Mortality and morbidity both appear to be declining with the emergence of better antibiotics and growth factors, so hematologists are beginning to consider transplants for patients who were once considered too old or too sickly to endure anything as harsh as a stem cell transplant.
Kenneth C. Anderson, MD
Stem cell transplantation was rightly hailed as a breakthrough treatment for people with many blood-based cancers when pioneering hematologists began using them regularly in the 1970s. Their popularity grew slowly but steadily throughout the 1980s and then took off in the 1990s as multiple studies demonstrated their efficacy and new techniques made them safer. Total annual US transplantation figures grew from less than 2000 in 1990 to more than 19,000 in 2013, according to the Center for International Blood & Marrow Transplant Research (CIBMTR).1
The technique has undoubtedly saved or extended hundreds of thousands of lives, but even with steady improvements to the underlying technique, it is still dangerous. Treatment-related mortality may still approach 1%. Stem cell transplants are also expensive and agonizing. Total costs when patients receive their own stem cells can reach $100,000.2 Total costs when patients receive stem cells from others can reach $200,000.2
In both cases, the treatment and recovery rank among the more grueling of all cancer protocols. Many experts believe that new targeted therapies and new immunotherapies will eventually eliminate the need for most stem cell transplants.
They predict that such treatments will offer patients far easier ways to achieve better outcomes. So far, there are only a few instances where new treatment protocols have begun replacing transplants, but there are dozens of trials at various stages of completion that could significantly reduce the use of transplants for some cancers over the next few years.
At the same time, however, transplant techniques are improving. Mortality and morbidity both appear to be declining with the emergence of better antibiotics and growth factors, so hematologists are beginning to consider transplants for patients who were once considered too old or too sickly to endure anything as harsh as a stem cell transplant.“We have seen the numbers of patients transplanted for certin diseases move in both directions,” Martin S. Tallman, MD, chief of the Leukemia Service at Memorial Sloan Kettering Cancer Center (MSK), said in an interview. “Targeted therapies have greatly reduced our use of stem cell transplants in patients with chronic myeloid leukemia [CML] and begun to reduce them in patients with chronic lymphocytic leukemia [CLL]. On the other hand, patients historically felt to be too old to meet traditional transplantation guidelines may now undergo reduced-intensity transplantation.”
According to Tallman, the decline in transplants for patients with CML at MSK stems almost entirely from the introduction of tyrosine-kinase inhibitors (TKIs) such as imatinib (Gleevec).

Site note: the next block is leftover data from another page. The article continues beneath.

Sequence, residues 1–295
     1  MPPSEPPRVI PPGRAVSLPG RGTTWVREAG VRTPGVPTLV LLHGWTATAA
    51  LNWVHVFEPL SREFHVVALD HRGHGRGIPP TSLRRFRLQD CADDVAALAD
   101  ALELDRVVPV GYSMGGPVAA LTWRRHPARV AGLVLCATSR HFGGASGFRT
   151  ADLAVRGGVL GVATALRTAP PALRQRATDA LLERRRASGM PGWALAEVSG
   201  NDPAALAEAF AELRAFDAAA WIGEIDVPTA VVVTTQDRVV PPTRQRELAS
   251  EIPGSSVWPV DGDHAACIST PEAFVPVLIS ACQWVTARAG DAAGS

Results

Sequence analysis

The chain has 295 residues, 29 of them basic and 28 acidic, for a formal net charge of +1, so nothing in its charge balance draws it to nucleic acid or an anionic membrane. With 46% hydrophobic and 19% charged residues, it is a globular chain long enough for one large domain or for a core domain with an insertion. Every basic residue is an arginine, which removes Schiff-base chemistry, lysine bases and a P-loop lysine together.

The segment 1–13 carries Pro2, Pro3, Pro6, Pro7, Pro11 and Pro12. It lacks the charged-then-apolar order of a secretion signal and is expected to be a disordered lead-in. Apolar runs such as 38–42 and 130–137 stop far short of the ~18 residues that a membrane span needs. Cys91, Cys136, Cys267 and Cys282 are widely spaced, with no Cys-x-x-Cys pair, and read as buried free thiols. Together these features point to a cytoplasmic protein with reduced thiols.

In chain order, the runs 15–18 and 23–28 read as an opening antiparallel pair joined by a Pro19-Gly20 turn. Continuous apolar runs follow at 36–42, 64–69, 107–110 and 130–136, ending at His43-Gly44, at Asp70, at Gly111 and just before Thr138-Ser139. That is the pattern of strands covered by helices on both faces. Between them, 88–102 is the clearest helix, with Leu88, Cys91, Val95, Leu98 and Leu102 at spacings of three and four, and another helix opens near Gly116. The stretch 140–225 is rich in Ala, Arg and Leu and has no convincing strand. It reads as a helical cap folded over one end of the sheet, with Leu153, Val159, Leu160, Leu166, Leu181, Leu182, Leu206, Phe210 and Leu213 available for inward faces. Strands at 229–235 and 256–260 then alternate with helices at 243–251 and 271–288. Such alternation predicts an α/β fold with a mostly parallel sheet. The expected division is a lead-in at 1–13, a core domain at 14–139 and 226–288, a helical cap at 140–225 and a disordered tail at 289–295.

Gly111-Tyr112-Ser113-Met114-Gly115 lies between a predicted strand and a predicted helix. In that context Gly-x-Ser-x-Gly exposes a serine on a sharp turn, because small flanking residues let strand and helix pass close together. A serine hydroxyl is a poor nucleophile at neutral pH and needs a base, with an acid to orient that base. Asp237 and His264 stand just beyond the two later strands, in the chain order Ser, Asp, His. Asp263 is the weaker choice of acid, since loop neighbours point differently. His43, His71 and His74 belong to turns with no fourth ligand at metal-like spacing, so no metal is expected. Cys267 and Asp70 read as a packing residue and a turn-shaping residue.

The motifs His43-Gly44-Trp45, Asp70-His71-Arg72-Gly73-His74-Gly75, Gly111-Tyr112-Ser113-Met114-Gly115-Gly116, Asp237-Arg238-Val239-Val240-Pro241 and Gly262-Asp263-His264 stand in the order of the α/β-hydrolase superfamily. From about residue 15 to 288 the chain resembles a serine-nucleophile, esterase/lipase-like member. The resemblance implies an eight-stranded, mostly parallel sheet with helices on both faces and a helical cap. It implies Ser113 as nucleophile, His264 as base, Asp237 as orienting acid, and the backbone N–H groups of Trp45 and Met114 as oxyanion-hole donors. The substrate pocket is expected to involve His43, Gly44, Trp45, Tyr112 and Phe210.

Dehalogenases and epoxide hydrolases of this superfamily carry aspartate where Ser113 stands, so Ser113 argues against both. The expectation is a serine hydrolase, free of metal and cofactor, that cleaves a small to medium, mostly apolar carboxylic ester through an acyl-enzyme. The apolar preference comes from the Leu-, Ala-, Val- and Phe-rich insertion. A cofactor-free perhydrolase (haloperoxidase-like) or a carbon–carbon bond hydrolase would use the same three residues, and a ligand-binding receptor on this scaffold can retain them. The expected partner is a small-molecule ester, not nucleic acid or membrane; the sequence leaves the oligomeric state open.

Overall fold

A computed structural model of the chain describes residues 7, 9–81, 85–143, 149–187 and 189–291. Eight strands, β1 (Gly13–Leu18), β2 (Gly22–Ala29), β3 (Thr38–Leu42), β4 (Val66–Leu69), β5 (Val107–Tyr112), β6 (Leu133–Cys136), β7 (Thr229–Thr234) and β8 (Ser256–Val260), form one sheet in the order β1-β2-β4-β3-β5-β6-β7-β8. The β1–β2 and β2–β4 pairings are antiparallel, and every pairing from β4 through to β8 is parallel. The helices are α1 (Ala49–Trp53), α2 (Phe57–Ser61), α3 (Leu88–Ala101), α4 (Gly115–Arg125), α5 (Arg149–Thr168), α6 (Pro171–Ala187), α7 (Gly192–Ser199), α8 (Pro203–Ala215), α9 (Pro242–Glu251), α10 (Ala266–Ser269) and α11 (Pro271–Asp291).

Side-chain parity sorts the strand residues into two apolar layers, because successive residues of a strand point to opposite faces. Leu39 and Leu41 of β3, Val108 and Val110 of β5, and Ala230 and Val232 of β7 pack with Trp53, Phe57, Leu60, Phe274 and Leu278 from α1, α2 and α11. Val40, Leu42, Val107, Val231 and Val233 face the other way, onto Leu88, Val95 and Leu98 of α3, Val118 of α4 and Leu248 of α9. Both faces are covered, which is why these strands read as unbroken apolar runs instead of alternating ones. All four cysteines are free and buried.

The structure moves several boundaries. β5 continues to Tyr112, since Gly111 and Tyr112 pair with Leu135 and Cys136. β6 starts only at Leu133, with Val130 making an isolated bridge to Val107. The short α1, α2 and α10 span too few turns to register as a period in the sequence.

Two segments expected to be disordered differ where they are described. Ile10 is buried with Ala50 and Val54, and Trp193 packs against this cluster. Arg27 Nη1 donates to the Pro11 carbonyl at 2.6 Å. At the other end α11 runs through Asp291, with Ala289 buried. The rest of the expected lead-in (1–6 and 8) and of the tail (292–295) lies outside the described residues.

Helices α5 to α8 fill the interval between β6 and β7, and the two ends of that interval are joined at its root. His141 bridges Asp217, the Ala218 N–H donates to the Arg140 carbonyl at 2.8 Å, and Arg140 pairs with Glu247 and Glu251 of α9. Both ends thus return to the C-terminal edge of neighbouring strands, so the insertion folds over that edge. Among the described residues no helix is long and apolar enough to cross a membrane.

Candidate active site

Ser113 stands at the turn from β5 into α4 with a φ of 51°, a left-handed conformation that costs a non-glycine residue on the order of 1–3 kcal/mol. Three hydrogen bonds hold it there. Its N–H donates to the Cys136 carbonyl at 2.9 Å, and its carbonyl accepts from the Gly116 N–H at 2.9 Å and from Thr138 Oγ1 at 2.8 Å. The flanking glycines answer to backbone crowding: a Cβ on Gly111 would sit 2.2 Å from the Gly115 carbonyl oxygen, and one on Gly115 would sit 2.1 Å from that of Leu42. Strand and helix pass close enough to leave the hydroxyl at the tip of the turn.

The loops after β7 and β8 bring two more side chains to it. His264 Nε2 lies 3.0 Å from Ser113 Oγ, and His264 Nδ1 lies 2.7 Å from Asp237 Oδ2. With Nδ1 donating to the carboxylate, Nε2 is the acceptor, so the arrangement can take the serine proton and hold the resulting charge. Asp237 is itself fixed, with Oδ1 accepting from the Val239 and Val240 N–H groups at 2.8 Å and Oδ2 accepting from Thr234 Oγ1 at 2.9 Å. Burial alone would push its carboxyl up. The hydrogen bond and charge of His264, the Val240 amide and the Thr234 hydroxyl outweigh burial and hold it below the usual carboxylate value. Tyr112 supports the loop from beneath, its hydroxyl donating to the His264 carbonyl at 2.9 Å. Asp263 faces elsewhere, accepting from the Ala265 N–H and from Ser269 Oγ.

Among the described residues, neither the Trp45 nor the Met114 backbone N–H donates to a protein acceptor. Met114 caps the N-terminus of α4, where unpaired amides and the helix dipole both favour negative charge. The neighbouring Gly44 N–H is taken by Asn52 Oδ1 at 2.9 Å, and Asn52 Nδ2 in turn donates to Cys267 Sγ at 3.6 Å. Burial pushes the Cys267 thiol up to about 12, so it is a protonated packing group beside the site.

ALL indicates acute lymphoblastic leukemia; AML, acute myeloid leukemia; CML, chronic myeloid leukemia; HL, Hodgkin lymphoma; MDS, myelodysplastic syndromes; MPN, myeloproliferative neoplasms; NHL, non-Hodgkin lymphoma.
1. Center for International Blood and Marrow Transplant. Transplant Activity Report. US Department of Health and Human Services website http://goo.gl/lPydMP. Reported September 16, 2013. Updated May 18, 2015. Accessed January 4, 2016.
2. Pasquini MC, Zhu X. Current uses and outcomes of hematopoietic stem cell transplantation: 2014 CIBMTR Summary Slides. http://www.cibmtr.org. Accessed January 4, 2016.
Imatinib was first approved in 2001 for patients who relapsed after stem cell transplants, but it is now used for the treatment of newly diagnosed patients, as are several other TKIs. Stem cell transplants are now conducted after patients fail on TKIs, when they are performed at all.
A different class of novel medications has brought about a similar decline in the number of stem cell transplants that Tallman’s department performs on patients with CLL. The B-cell signaling pathway inhibitors ibrutinib (Imbruvica) and idelalisib (Zydelig), which are currently used as second-line treatments for the disease, can produce better outcomes and far less toxicity than protocols involving stem cell transplants.
Toxicity is a serious concern with stem cell transplants, which generally use doses of chemotherapy that would likely prove fatal but for the infusion of enough stem cells to restore the ability of patients to make their own blood cells. There are many different protocols. Some use bone marrow, while others use peripheral stem cells. Some harvest the stem cells directly from patients (autologous transplants), while others harvest them from compatible donors (allogeneic transplants). All of them use different chemotherapeutic agents, in different doses, for different periods of time. The same basic idea, however, still pervades all protocols: maximize the chance of curing each patient’s cancer by administering as about as much chemotherapy as possible.
Transplants are an ordeal for patients, but the techniques for making matches, performing transplants, and spurring recovery keep improving. As transplants have become slowly less taxing, eligibility requirements have slowly broadened, particularly in cases where transplants work significantly better than alternative treatments. Many cancer centers used to restrict transplants to patients who were under 50 years old. Tallman said that the unofficial age cap at MSK now hovers around 75 years for patients who are otherwise healthy.